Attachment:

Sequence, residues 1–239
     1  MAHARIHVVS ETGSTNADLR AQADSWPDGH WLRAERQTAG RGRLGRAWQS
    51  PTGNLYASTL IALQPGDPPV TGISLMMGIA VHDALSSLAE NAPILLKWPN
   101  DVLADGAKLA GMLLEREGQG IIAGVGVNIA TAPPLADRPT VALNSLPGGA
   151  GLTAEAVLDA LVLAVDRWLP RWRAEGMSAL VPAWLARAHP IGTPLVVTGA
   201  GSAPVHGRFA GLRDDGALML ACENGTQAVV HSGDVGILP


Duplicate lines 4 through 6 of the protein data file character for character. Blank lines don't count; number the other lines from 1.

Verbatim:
   101  DVLADGAKLA GMLLEREGQG IIAGVGVNIA TAPPLADRPT VALNSLPGGA
   151  GLTAEAVLDA LVLAVDRWLP RWRAEGMSAL VPAWLARAHP IGTPLVVTGA
   201  GSAPVHGRFA GLRDDGALML ACENGTQAVV HSGDVGILP